The Filmmaker Who Says AI Is Reparations

Willonius Hatcher was looking for a way in. He’d tried just about everything to break into Hollywood, and because there no longer exists a traditional entry point into its hallowed pantheon of performers—we can thank the internet for doing away with all notions of conventional success—the pursuit of it sometimes felt like a mirage. He could see it, and he knew he could get there because he believed in his talent, only the closer he got the farther the door seemed. He’d done the stand-up circuit, short film work, sketches, even video editing. None of them got him fully in the door. Then Covid-19 hit—and everything changed.

“When the pandemic started, I was like, OK, all of this is done. Let me focus on screenwriting. I can get a check. I can still be creative,” Hatcher, 39, told me from his Palm Beach residence when we spoke by Zoom.

He doubled down on his script writing, constructing epic worlds of his own, joining writer programs and later creating a web series. By then, generative AI was taking off, and Hatcher, who was an early advocate of ChatGPT, became proficient in two programs. Although he relies on his writing to build out the story and string together narration when crafting a video, Hatcher learned to generate AI images using prompts in Midjourney, and to animate them via Runway.

The trailers—or, really, mini-films—that came from that period of incubation have slowly become legend among a devoted fan base eager for a new breed and look of Black imagination. Hatcher’s work is resonating with audiences during a moment when many people in the filmmaking world have mixed feelings about generative AI’s creative use. In its most extreme iterations, gen AI extends a grotesque American tradition: the deliberate devaluing of Black life through distortion and theft. The unbound innovation of what gen AI can produce is also one of its greatest dangers, because of what it can unleash.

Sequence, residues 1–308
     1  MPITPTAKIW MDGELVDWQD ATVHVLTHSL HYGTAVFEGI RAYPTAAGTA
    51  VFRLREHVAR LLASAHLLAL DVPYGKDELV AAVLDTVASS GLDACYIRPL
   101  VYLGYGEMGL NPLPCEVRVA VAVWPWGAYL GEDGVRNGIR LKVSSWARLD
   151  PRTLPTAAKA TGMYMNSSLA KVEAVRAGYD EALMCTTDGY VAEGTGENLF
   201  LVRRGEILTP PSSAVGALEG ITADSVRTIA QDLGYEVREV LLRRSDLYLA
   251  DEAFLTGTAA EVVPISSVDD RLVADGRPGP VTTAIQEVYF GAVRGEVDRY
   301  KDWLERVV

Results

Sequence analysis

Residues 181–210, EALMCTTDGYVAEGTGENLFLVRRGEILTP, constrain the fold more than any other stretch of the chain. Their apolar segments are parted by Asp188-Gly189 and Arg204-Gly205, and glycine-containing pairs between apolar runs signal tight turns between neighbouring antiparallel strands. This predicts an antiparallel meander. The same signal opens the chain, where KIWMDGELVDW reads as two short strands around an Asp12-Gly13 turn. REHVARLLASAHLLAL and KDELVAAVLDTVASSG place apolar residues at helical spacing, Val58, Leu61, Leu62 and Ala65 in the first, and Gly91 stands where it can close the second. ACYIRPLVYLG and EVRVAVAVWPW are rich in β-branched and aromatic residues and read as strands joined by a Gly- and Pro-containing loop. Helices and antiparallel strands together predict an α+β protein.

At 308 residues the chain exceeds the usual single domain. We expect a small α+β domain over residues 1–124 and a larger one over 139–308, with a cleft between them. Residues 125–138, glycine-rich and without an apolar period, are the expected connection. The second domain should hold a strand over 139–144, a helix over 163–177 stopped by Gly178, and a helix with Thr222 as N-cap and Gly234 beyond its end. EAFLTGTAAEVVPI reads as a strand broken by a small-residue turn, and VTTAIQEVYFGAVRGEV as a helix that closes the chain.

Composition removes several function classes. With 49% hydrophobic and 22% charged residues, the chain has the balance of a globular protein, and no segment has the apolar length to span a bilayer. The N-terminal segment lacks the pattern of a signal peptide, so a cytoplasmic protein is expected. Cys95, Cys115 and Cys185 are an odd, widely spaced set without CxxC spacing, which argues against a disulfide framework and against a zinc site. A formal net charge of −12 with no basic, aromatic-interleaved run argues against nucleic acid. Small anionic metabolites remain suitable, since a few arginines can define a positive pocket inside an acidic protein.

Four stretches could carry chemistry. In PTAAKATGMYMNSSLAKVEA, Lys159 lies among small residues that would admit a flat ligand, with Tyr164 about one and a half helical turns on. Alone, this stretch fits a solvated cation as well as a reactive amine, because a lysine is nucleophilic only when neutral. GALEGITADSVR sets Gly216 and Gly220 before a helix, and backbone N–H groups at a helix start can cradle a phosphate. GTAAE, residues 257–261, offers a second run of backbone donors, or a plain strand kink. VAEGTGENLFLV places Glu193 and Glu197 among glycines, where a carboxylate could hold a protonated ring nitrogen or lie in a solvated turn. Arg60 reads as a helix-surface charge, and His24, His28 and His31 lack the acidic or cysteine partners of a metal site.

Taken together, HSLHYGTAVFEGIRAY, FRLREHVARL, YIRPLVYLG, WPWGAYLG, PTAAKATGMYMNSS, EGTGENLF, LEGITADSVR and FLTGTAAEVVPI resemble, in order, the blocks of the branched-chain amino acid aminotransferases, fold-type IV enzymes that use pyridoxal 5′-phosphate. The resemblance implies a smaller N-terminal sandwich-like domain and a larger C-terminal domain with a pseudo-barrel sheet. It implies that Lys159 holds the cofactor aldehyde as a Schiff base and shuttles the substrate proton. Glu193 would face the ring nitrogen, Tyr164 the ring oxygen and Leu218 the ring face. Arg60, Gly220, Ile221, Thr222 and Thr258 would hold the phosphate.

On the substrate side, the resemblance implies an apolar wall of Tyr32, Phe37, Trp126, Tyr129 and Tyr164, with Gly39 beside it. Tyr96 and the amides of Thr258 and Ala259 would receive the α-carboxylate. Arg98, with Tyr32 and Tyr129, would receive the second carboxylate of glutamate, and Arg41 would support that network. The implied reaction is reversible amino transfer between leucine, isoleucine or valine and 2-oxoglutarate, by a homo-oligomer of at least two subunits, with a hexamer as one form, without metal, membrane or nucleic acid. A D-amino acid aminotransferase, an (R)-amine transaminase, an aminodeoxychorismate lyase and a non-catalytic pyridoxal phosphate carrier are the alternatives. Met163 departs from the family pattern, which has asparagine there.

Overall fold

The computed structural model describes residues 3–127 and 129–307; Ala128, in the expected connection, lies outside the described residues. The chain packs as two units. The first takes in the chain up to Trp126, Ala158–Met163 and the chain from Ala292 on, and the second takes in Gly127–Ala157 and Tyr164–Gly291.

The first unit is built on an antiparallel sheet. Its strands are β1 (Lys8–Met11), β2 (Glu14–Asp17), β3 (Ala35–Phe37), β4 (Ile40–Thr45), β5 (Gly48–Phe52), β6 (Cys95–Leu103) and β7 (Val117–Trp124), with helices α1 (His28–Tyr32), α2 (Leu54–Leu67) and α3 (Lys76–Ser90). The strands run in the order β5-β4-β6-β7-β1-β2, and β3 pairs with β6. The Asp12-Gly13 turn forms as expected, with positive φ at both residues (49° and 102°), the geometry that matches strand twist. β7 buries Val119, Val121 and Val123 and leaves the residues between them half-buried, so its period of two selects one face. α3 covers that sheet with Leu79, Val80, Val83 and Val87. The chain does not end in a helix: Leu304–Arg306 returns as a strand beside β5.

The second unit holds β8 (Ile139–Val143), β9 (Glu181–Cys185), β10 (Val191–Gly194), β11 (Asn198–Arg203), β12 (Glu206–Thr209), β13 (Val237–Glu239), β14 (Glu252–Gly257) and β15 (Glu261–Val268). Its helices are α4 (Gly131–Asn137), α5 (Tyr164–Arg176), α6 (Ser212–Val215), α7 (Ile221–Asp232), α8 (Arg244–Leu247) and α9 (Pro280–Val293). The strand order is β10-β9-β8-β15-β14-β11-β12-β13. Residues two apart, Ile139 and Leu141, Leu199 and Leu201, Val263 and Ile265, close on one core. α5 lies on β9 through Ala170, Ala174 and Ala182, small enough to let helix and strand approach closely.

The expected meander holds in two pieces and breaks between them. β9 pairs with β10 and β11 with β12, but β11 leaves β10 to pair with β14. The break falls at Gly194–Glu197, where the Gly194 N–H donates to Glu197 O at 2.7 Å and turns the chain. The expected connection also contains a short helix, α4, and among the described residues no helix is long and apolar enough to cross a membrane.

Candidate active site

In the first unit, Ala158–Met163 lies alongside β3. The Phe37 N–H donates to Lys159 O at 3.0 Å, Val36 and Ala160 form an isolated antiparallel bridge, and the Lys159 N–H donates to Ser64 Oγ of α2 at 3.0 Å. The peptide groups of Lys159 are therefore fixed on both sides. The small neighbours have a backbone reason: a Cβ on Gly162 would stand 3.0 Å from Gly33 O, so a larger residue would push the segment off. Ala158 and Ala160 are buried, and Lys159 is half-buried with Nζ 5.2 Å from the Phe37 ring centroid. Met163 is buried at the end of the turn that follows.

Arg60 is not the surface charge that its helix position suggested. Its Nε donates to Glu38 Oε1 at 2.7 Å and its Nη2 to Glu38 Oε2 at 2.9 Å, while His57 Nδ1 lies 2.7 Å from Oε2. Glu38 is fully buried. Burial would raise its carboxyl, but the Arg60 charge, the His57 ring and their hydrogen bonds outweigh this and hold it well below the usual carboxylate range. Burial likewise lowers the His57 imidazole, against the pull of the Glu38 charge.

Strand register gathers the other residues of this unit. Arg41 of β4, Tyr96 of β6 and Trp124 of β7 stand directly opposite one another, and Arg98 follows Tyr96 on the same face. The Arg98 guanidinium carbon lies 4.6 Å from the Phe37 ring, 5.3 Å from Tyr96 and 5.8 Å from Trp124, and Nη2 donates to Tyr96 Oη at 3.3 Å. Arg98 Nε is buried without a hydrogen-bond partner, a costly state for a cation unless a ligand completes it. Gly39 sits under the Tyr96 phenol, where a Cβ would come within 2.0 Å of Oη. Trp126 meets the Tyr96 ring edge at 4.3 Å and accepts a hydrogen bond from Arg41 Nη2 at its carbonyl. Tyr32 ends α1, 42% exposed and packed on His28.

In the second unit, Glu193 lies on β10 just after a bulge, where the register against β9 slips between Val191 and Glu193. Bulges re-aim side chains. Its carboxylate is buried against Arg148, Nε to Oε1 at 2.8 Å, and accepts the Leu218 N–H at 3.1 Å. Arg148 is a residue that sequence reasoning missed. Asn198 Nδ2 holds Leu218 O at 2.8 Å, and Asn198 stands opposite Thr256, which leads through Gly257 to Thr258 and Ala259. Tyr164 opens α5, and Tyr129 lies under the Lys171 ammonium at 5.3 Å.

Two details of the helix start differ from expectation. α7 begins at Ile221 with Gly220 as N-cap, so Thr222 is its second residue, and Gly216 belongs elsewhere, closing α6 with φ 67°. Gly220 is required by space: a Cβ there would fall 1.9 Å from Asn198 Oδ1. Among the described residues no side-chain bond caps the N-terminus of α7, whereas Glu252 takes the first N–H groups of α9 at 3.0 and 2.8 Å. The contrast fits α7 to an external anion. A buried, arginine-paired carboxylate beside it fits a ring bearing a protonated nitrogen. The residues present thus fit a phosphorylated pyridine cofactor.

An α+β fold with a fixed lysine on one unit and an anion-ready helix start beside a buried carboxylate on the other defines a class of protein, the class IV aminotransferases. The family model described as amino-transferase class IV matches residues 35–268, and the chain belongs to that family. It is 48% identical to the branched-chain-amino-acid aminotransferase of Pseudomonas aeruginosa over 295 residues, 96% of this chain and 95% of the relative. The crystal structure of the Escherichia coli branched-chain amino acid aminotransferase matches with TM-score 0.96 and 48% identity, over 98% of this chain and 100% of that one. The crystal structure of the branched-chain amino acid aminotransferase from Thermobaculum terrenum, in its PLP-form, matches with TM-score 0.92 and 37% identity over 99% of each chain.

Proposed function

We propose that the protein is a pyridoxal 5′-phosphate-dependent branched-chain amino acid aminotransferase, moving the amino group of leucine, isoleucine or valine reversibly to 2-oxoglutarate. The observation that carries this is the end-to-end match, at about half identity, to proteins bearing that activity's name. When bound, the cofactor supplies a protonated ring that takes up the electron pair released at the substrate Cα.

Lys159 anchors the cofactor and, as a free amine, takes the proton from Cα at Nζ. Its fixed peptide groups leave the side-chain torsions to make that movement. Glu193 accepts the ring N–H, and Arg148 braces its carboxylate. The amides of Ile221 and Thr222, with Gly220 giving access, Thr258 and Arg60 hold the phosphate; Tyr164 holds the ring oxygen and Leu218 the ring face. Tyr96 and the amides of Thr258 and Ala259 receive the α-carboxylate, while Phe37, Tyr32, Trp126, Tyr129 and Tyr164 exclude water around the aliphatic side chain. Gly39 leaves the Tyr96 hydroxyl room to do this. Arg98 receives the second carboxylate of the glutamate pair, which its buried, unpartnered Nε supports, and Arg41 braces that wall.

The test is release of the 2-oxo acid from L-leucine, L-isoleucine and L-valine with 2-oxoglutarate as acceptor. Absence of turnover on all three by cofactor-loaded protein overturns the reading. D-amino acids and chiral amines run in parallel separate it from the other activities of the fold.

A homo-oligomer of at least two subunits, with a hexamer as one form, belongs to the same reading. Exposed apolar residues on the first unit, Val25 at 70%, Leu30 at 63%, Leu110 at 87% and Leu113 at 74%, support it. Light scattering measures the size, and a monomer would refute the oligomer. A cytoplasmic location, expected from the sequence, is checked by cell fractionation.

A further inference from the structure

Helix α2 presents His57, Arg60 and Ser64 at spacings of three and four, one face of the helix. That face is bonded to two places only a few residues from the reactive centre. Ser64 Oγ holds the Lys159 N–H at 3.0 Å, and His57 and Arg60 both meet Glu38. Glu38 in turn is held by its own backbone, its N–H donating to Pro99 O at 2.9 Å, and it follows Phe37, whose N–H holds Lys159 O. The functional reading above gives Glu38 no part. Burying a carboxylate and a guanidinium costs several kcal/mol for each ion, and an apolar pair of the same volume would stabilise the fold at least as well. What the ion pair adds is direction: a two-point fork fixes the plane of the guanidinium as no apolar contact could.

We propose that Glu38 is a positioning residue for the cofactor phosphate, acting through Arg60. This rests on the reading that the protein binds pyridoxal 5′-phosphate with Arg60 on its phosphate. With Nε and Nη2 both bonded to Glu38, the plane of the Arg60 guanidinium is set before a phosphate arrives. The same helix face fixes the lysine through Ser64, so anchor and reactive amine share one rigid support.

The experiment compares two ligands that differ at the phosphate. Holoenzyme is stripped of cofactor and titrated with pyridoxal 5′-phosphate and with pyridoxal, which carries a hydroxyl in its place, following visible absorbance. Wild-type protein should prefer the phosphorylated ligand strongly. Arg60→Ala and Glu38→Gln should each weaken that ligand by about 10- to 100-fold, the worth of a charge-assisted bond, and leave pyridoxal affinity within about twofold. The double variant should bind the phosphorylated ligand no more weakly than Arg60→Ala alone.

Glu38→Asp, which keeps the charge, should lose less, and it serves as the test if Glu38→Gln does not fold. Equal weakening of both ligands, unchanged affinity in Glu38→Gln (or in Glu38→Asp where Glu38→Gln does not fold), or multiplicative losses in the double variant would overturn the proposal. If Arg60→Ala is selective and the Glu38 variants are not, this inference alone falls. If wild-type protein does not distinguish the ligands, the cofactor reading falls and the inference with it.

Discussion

Hatcher isn’t deterred by that concern. He wants to tell decidedly Black stories—a point he stresses multiple times during our conversation—that peer into a cosmos of possibility. He constructs characters you won’t soon forget, like Martin Luther Wick Jr. or a gaggle of creepy forest-dwelling Steve Harveys. Hatcher’s trailers braid known pop culture references into radiant mashups (Jaquarious is “standing on melodies” in The Flute Man). The most striking of them is The Lickback Renaissance, a two-part sci-fi noir that follows Zora, a young scientist who discovers a time-altering element as she undergoes a “daring struggle for autonomy against interdimensional guardians and government forces.” The films each have over a million views on Instagram.

As you might expect, Hollywood changed its tune. Hatcher has since partnered with the video distribution platform CodeBlack to release more content (right now he’s working on Hoop Fighters, “a cyberpunk basketball world”) and is churning out scripts. When we speak on the third Friday in March, he explains how AI helped to level the playing field for him. He’s serious about Black creators, and creators of color in general, not getting left behind in this next era of tech disruption. From the machine wilderness of artificial intelligence, there are stories waiting to be told, and it would be a failure, Hatcher says, not to take advantage of the tools at hand.

The following interview has been edited.

Jason Parham: Visual animations aside, what originally struck me about your trailers were their strong sense of narrative. Gen AI is often an image-first medium, but you place just as much, if not more, emphasis on the storytelling aspect. Where does that come from?

Willonius Hatcher: I started out making original audio dramas as part of the Clubhouse creator program in 2021. That’s how I really got into sc-fi. I would take spec scripts that I had and combine different worlds. Imagine if Family Matters was set in Atlanta’s universe. For that one, the premise was Darius goes to Chicago to meet with his cousin Steve but he finds out that Steve is a crime lord. In my mind, Steve was essentially Rick from Rick and Morty. He had that level of genius. He wouldn’t be this goofy kid—he’d be a mastermind. That was one of my favorites. During the program, I also pitched and worked on an 11-episode Black soap opera I created called The Young and the Thirsty.